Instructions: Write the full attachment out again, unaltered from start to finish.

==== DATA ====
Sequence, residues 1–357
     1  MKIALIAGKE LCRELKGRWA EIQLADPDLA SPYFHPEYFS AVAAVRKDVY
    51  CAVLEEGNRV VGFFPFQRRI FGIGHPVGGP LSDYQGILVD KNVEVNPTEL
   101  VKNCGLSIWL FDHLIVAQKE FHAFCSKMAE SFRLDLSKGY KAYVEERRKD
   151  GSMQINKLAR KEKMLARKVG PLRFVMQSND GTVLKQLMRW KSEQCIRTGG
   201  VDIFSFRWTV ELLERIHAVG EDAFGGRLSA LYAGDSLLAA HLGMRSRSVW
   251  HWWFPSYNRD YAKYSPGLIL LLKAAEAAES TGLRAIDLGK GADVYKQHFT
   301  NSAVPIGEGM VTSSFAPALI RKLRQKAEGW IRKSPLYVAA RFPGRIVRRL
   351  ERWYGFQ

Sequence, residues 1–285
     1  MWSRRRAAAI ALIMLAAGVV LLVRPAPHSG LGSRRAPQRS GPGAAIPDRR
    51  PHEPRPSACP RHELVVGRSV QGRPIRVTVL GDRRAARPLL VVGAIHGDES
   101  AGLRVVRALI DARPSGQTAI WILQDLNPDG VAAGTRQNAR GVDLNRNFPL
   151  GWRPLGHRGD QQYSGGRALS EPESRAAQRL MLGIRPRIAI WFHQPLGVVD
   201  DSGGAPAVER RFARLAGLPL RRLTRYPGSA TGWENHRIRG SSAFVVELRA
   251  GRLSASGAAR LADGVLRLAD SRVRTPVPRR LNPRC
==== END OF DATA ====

Sequence, residues 1–357
     1  MKIALIAGKE LCRELKGRWA EIQLADPDLA SPYFHPEYFS AVAAVRKDVY
    51  CAVLEEGNRV VGFFPFQRRI FGIGHPVGGP LSDYQGILVD KNVEVNPTEL
   101  VKNCGLSIWL FDHLIVAQKE FHAFCSKMAE SFRLDLSKGY KAYVEERRKD
   151  GSMQINKLAR KEKMLARKVG PLRFVMQSND GTVLKQLMRW KSEQCIRTGG
   201  VDIFSFRWTV ELLERIHAVG EDAFGGRLSA LYAGDSLLAA HLGMRSRSVW
   251  HWWFPSYNRD YAKYSPGLIL LLKAAEAAES TGLRAIDLGK GADVYKQHFT
   301  NSAVPIGEGM VTSSFAPALI RKLRQKAEGW IRKSPLYVAA RFPGRIVRRL
   351  ERWYGFQ

Sequence, residues 1–285
     1  MWSRRRAAAI ALIMLAAGVV LLVRPAPHSG LGSRRAPQRS GPGAAIPDRR
    51  PHEPRPSACP RHELVVGRSV QGRPIRVTVL GDRRAARPLL VVGAIHGDES
   101  AGLRVVRALI DARPSGQTAI WILQDLNPDG VAAGTRQNAR GVDLNRNFPL
   151  GWRPLGHRGD QQYSGGRALS EPESRAAQRL MLGIRPRIAI WFHQPLGVVD
   201  DSGGAPAVER RFARLAGLPL RRLTRYPGSA TGWENHRIRG SSAFVVELRA
   251  GRLSASGAAR LADGVLRLAD SRVRTPVPRR LNPRC